Find $\displaystyle [integral](x^2)*(y^2)dx + 4*x*y^3dy$ where C is the boundary of the triangle with the corners (0,0), (1,3), and (0,3). Mainly how do I find the limits of integration?

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- Apr 26th 2010, 03:29 PMSgraveyardGreens Theorem
Find $\displaystyle [integral](x^2)*(y^2)dx + 4*x*y^3dy$ where C is the boundary of the triangle with the corners (0,0), (1,3), and (0,3). Mainly how do I find the limits of integration?

- Apr 26th 2010, 06:14 PMdwsmith
- Apr 26th 2010, 11:52 PMmaddas
Why do you need Green's theorem?

- Apr 27th 2010, 02:03 AMHallsofIvy
The problem is a path integral around a closed path. It would not be difficult to integrate but, since the path is not smooth would require three different integrals. Green's theorem allows that to be done as a single integral over the region enclosed by the path.

Sgraveyard, as dwsmith suggested, first draw the picture. It is, of course, a triangle having (0, 0), (1, 3), and (0, 3) as vertices.

The limits of integration depend on the order of integration. If you decide to integrate with respect to y first, then x, you need to look at the smallest and largest possible values for x. They are, of course, 0 and 1. Now, draw a vertical line representing "x= constant". For each x, that line crosses the triangle at y= 3 above and on the line from (0, 0) to (1, 3) below. Write the equation for that line and solve for y. That will be the lower bound on the y-integral:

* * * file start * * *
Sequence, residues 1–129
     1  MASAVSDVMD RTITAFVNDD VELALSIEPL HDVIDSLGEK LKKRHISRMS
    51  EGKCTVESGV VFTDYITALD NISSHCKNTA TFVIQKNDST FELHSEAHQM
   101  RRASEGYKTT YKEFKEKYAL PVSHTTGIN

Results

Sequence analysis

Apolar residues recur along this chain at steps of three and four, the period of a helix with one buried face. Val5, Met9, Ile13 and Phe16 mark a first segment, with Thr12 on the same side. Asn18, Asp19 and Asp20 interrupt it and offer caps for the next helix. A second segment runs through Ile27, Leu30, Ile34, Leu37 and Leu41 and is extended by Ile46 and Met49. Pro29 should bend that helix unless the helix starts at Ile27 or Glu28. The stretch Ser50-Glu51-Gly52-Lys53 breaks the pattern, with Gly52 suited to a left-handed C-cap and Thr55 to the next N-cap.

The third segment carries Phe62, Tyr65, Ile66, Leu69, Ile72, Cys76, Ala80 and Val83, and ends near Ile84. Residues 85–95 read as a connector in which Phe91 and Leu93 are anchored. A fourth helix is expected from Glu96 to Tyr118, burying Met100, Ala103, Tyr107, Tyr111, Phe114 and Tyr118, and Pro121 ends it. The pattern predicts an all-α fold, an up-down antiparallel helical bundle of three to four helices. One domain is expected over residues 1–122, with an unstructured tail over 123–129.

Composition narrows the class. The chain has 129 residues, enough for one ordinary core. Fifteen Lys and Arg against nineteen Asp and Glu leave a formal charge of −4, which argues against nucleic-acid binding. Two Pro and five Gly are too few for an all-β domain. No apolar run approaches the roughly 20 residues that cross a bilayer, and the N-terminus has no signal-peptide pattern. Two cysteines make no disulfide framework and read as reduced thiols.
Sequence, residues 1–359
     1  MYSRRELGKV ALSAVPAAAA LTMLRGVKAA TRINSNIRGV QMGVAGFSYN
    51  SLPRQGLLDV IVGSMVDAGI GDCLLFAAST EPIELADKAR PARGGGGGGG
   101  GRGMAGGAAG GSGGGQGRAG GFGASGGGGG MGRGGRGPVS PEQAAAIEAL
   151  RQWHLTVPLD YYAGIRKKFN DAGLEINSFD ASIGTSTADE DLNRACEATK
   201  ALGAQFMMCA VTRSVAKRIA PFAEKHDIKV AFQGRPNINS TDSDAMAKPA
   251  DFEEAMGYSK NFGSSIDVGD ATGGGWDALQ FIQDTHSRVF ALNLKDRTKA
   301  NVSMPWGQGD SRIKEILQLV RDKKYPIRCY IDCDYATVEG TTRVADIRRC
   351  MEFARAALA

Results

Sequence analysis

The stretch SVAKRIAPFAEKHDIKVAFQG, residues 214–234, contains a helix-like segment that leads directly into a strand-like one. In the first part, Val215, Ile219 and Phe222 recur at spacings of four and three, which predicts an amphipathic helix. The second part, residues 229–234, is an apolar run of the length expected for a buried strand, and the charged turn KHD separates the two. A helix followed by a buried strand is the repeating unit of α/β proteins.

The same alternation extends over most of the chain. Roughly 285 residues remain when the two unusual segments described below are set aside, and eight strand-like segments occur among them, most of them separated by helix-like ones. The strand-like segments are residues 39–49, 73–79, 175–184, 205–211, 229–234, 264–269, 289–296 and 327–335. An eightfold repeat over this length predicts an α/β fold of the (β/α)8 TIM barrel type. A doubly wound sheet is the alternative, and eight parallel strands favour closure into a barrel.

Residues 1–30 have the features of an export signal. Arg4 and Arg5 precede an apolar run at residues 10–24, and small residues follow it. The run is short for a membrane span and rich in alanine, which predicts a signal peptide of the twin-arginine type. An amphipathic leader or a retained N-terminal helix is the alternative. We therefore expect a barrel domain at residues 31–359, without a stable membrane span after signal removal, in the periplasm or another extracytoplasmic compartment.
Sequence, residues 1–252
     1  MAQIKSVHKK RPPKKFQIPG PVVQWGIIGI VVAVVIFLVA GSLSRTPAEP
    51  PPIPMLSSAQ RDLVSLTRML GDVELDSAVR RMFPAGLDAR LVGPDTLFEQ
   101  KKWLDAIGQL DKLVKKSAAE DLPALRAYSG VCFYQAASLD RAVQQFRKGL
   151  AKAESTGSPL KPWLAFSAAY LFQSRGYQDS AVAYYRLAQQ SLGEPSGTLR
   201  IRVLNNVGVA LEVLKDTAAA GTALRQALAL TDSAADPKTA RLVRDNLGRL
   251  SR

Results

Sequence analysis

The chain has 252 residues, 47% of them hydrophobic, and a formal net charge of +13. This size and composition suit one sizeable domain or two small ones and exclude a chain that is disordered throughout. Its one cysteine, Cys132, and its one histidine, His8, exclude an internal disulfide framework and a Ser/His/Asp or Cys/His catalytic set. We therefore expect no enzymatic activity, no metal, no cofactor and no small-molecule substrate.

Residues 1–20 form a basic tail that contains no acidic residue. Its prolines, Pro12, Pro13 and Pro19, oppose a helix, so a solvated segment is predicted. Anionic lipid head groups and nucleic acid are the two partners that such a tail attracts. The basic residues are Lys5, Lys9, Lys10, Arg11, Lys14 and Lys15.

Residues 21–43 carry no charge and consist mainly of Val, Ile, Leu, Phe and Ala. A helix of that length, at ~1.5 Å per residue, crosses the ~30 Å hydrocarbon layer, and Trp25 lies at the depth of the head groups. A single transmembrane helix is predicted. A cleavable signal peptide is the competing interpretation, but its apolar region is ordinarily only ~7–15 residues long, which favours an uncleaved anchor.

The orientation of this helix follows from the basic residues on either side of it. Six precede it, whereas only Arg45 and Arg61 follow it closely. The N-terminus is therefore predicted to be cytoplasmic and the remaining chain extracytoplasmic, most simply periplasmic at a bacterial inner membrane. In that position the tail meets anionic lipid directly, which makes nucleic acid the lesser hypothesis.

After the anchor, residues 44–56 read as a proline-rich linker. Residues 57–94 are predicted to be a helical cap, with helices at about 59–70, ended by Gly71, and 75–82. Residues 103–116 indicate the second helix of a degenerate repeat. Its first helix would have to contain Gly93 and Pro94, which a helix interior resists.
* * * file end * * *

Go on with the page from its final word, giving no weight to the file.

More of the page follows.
$\displaystyle \int_{x= 0}^1 \int_{y= ax+b}^3 dydx$

(You need to put in the "a" and "b".)

Or you could decide to integrate with respect to x first and then y, look at the smallest and largest values of y- they are clearly 0 and 3. Draw a horizontal line, representing y= constant. That will cross the triangle at x= 0 and on the line from (0,0) to (1, 3) on the right. Write the equation for that line and solve for x. That will be the upper bound on the x-integral:

$\displaystyle \int_{y= 0}^3\int_{x= 0}^{my+ c} dxdy$